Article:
We have seen deserted islands in the middle of oceans in many Hollywood movies. Archaeologists recently discovered such an island in the middle of the Pacific Ocean. The discovery of ‘Nan Madol’ has sparked theories that the fictional island of Atlantis could be real.

The newly-discovered island is located near the Pohnpei Island of Micronesia in the Pacific Ocean. For the residents of Pohnpei, Nan Madol is a mysterious place and it is better not to visit there. Nan Madol means “spaces between”, as there are many narrow canals flowing through the 97 rocky blocks on the island that is situated at a distance of 1600 miles from Australia and 2500 miles from Los Angeles.

There are 97 separate blocks on the island, whose walls are 25ft long and 17ft wide. But, no one knows who built this city on the island in the middle of the ocean. According to the archaeologists, the construction of this city on Nan Madol started with stones and corals in 1180.

Mark McCoy, who led the team of researchers, said that technological advancements would help them fully explore the ruined city of Nan Madol and its structural marvels. He also said that Saudeleur people might have built this city as history suggests that the Saudeleur kingdom spent several centuries creating the stone structures that still stand on 92 artificial islands in a lagoon off the coast of the Pohnpei Island. According to McCoy, 12 sea walls protect the ‘Venice of the Pacific’ (as Nan Madol is widely considered), which is separated by tidal canals.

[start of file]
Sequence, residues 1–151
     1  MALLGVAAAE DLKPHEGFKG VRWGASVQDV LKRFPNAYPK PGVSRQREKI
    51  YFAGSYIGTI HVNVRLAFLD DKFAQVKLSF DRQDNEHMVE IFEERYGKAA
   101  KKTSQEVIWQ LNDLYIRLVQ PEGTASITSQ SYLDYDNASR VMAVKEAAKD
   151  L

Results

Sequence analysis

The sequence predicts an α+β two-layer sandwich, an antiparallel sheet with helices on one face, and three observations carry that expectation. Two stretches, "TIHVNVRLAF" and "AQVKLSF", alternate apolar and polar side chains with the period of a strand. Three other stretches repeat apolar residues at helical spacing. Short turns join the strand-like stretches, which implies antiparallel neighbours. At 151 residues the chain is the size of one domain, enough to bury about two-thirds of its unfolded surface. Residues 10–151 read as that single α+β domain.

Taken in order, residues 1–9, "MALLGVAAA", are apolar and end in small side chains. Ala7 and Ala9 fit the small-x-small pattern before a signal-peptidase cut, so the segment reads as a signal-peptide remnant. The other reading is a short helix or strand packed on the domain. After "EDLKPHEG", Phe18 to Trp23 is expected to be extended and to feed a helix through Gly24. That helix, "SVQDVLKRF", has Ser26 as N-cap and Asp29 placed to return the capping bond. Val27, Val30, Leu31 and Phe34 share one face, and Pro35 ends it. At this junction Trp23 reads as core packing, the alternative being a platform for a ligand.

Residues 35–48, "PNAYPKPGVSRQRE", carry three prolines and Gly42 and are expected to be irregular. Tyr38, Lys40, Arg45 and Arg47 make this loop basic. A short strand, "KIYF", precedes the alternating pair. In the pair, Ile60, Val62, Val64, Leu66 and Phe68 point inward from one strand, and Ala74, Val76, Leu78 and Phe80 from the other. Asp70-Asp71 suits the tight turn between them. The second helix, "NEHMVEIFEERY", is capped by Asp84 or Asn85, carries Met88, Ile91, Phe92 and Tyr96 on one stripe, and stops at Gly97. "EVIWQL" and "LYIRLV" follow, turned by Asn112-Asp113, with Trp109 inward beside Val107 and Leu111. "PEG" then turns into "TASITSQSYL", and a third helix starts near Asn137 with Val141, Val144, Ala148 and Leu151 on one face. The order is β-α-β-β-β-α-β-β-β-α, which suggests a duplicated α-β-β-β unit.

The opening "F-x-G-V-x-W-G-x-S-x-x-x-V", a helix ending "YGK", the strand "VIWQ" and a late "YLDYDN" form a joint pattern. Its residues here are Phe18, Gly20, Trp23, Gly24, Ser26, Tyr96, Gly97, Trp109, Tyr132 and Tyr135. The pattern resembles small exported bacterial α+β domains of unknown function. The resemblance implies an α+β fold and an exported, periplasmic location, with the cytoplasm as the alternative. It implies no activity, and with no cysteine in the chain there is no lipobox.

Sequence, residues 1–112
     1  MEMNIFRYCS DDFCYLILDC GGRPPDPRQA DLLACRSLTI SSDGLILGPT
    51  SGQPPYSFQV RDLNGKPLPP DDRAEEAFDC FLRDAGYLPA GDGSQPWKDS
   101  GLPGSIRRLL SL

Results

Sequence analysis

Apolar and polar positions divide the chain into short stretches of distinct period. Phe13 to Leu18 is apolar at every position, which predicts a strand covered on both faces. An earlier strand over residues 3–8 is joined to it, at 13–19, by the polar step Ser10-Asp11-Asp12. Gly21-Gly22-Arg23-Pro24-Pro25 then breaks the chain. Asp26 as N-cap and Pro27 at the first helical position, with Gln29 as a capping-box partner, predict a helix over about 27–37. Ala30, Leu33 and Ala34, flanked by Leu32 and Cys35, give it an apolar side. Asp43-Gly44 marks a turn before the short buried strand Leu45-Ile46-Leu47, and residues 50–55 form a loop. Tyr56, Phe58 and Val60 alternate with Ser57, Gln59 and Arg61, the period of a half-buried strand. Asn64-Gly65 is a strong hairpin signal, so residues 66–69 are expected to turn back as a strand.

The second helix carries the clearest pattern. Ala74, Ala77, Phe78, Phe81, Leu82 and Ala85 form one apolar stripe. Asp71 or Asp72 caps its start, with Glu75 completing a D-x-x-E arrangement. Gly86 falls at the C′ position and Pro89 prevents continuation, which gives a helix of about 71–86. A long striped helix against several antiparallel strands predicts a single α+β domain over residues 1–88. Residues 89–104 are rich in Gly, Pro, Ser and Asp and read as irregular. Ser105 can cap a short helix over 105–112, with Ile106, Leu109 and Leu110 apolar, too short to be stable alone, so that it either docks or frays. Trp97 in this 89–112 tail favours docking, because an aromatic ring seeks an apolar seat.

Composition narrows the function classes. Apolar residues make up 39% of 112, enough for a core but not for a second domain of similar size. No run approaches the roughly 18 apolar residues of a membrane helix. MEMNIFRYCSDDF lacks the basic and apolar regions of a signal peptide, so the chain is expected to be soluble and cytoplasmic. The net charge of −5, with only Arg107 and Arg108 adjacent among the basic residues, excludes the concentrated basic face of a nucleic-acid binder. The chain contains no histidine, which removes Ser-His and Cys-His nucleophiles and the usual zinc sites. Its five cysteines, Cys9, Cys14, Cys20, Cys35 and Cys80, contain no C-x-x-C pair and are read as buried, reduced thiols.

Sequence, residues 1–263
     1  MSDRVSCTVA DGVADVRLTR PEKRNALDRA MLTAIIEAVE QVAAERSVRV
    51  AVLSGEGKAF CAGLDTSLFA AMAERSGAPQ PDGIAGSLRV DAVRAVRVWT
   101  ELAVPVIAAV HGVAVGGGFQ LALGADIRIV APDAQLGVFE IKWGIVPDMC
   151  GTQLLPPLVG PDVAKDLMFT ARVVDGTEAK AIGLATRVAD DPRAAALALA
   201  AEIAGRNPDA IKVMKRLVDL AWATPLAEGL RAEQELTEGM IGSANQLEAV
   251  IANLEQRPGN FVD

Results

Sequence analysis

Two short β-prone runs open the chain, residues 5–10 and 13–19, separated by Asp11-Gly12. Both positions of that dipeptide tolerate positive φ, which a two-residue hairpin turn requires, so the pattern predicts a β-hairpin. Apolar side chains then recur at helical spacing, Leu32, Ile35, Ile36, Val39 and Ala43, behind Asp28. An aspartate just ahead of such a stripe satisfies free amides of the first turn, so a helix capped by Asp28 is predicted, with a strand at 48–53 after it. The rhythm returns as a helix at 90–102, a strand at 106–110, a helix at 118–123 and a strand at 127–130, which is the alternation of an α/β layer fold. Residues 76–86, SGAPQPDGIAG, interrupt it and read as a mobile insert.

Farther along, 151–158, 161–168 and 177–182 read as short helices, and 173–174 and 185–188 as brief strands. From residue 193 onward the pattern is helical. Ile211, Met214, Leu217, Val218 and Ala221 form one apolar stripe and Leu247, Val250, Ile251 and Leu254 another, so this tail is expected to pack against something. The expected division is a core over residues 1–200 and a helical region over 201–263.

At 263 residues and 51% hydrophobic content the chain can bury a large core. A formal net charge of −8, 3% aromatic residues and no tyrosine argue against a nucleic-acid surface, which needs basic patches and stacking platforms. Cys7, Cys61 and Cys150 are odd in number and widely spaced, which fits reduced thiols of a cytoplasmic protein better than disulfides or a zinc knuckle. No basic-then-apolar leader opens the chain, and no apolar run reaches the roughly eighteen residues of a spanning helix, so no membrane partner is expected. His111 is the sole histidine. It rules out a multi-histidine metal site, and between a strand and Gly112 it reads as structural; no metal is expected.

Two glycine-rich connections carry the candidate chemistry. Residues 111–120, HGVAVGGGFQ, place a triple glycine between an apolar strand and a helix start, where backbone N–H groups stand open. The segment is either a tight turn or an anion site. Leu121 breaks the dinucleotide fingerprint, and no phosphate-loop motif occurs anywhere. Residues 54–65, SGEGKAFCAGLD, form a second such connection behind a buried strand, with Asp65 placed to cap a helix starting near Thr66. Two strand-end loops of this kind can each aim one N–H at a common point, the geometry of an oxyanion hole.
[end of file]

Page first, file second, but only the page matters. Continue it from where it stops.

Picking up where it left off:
McCoy believes that Nan Madol was the capital of the Saudeleur kingdom until 1628. “It now looks like Nan Madol represents a first in Pacific Island history. To me, in its prime Nan Madol was a capital. It was the seat of political power, the centre of the most important religious rituals and the place where the former chiefs of the island were laid to rest,” he stressed.

The seasoned archaeologist described Nan Madol as an engineering marvel, saying that the Saudeleur people had used around 750,000 tonnes of black rocks to construct buildings on the island. McCoy explained that the Saudeleurs people had to move 1,850 tonnes of stones per year, as the island’s population was just 30,000 and they had no access to pulleys and levers.

When the city was discovered in 1928 (for the first time), it influenced H P Lovecraft to portray a fictional city – R’lyeh – in his story ‘The Call of Cthulhu’.

Koushik Das, based in the Indian capital of New Delhi, is a senior news editor with more than 15 years of experience. He also runs a blog - Boundless Ocean of Politics. E-Mail: [email protected]